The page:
September 2001

Ombudsman slams Commission

EU Ombudsman Jacob Söderman accuses the Commission of bluffing on promised reforms. In a hard-hitting recent speech in Strasbourg Söderman complained that in its White Paper this summer, the Commission had forgotten the most important group, i.e. citizens. According to the Ombudsman, the paper did not propose any concrete actions on how to strengthen the position of EU citizens.

The White Paper aims to improve the governance of the Commission. According to Helsingin Sanomat (7 September 2001), reforms are seen as necessary because of citizens' increased indifference and hostility towards the EU.

Söderman does not think that the White Paper improved the Commission's image in the eyes of citizens. The Ombudsman said that there were several things the Commission could have done. It could have proposed new common rules for EU officials on how to treat and serve citizens when they do business with EU institutions. It could have reformed the way the Commission monitors EU operations. And it could have created rules for officials' freedom of speech.

"Taking citizens into account in the EU is the only way in which the Union can regain the lost trust of citizens", Söderman said.

Helsingin Sanomat notes that after the Irish 'No' to the Nice Treaty and the riots during the Gothenburg summit, the question of citizens' trust has gained new urgency.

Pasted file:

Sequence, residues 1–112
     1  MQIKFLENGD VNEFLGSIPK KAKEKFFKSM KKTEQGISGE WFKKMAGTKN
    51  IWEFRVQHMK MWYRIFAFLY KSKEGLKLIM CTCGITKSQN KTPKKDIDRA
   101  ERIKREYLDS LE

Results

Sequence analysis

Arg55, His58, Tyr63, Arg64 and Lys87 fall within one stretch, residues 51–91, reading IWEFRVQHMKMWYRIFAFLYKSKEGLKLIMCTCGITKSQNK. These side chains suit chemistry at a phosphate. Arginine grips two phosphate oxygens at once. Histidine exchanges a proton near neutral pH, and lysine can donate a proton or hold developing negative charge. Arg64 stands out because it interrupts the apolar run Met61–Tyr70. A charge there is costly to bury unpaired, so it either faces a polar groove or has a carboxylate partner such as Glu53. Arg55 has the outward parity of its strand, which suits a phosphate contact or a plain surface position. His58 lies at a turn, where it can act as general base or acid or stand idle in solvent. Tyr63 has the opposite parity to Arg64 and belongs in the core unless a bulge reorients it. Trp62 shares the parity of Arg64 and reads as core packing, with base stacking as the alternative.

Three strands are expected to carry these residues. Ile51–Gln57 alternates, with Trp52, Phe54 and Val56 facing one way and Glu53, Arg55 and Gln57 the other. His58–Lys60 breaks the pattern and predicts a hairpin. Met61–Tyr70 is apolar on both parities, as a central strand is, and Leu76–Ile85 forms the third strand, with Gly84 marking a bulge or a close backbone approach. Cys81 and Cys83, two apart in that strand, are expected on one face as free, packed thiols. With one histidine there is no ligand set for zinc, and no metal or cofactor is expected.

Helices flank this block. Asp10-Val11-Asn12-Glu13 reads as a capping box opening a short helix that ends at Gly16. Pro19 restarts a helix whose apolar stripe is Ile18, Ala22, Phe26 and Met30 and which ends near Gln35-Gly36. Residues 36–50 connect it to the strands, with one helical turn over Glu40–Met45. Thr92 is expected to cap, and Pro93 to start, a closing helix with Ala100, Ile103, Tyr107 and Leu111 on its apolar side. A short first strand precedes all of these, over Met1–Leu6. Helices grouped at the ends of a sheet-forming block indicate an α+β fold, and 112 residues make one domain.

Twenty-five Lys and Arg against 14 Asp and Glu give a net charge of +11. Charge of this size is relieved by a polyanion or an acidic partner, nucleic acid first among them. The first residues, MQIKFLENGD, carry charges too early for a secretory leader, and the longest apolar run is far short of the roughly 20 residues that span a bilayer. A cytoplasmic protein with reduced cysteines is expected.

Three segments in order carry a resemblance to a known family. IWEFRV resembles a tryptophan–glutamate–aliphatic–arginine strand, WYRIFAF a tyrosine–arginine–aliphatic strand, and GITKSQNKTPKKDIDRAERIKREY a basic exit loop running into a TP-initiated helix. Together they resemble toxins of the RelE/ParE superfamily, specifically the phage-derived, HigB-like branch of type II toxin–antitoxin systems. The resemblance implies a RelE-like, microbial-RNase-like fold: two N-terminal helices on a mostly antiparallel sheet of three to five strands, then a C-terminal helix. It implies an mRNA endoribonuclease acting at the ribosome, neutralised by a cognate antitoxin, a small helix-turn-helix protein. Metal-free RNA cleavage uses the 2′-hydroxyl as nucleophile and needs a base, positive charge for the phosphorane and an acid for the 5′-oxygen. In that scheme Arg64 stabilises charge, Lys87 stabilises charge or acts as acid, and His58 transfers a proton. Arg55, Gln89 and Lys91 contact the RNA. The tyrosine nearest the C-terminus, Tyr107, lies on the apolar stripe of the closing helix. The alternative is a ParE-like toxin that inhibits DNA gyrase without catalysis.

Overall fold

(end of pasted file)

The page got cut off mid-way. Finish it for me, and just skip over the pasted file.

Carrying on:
The EU is preparing other directives which aim to please citizens. One of them — which was approved by parliament recently — obliges EU officials to adhere to standardised rules and customs when dealing with citizens. Officials are instructed to behave in a proper and polite manner. They must respond to letters from the public and apologise for their mistakes and correct them as soon as possible. They must allow people to read documents if they are not secret.

Parliament also gave the Ombudsman more power to monitor the EU's administration. Söderman will be allowed to inspect officials' email messages. He was also given access to secret documents. From now on, officials must tell the Ombudsman the whole truth without trying to put a positive spin on matters under scrutiny.

See also:

From the archive:

Ombudsman concerned about EU openness

12 April 2001

EU reluctant to be more open

14 March 2001

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